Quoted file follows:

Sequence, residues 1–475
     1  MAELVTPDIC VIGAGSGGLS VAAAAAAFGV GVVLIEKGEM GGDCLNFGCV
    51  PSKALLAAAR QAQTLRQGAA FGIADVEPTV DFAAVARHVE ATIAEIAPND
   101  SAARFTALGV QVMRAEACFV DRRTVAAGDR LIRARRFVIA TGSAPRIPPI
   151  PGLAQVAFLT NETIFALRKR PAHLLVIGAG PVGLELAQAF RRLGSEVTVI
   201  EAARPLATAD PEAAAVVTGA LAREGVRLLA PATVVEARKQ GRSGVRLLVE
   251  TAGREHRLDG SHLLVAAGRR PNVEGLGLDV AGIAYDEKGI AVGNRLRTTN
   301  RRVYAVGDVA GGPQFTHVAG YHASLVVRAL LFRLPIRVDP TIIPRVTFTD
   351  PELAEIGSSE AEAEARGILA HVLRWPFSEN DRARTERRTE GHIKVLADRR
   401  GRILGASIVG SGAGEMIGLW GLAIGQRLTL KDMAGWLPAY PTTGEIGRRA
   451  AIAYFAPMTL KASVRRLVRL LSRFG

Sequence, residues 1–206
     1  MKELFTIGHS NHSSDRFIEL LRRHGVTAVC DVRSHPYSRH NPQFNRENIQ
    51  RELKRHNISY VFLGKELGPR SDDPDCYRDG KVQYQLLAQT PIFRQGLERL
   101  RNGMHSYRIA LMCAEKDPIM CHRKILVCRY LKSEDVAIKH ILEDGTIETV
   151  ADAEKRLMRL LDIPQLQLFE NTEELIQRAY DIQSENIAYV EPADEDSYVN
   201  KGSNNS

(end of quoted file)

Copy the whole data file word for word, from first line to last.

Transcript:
Sequence, residues 1–475
     1  MAELVTPDIC VIGAGSGGLS VAAAAAAFGV GVVLIEKGEM GGDCLNFGCV
    51  PSKALLAAAR QAQTLRQGAA FGIADVEPTV DFAAVARHVE ATIAEIAPND
   101  SAARFTALGV QVMRAEACFV DRRTVAAGDR LIRARRFVIA TGSAPRIPPI
   151  PGLAQVAFLT NETIFALRKR PAHLLVIGAG PVGLELAQAF RRLGSEVTVI
   201  EAARPLATAD PEAAAVVTGA LAREGVRLLA PATVVEARKQ GRSGVRLLVE
   251  TAGREHRLDG SHLLVAAGRR PNVEGLGLDV AGIAYDEKGI AVGNRLRTTN
   301  RRVYAVGDVA GGPQFTHVAG YHASLVVRAL LFRLPIRVDP TIIPRVTFTD
   351  PELAEIGSSE AEAEARGILA HVLRWPFSEN DRARTERRTE GHIKVLADRR
   401  GRILGASIVG SGAGEMIGLW GLAIGQRLTL KDMAGWLPAY PTTGEIGRRA
   451  AIAYFAPMTL KASVRRLVRL LSRFG

Sequence, residues 1–206
     1  MKELFTIGHS NHSSDRFIEL LRRHGVTAVC DVRSHPYSRH NPQFNRENIQ
    51  RELKRHNISY VFLGKELGPR SDDPDCYRDG KVQYQLLAQT PIFRQGLERL
   101  RNGMHSYRIA LMCAEKDPIM CHRKILVCRY LKSEDVAIKH ILEDGTIETV
   151  ADAEKRLMRL LDIPQLQLFE NTEELIQRAY DIQSENIAYV EPADEDSYVN
   201  KGSNNS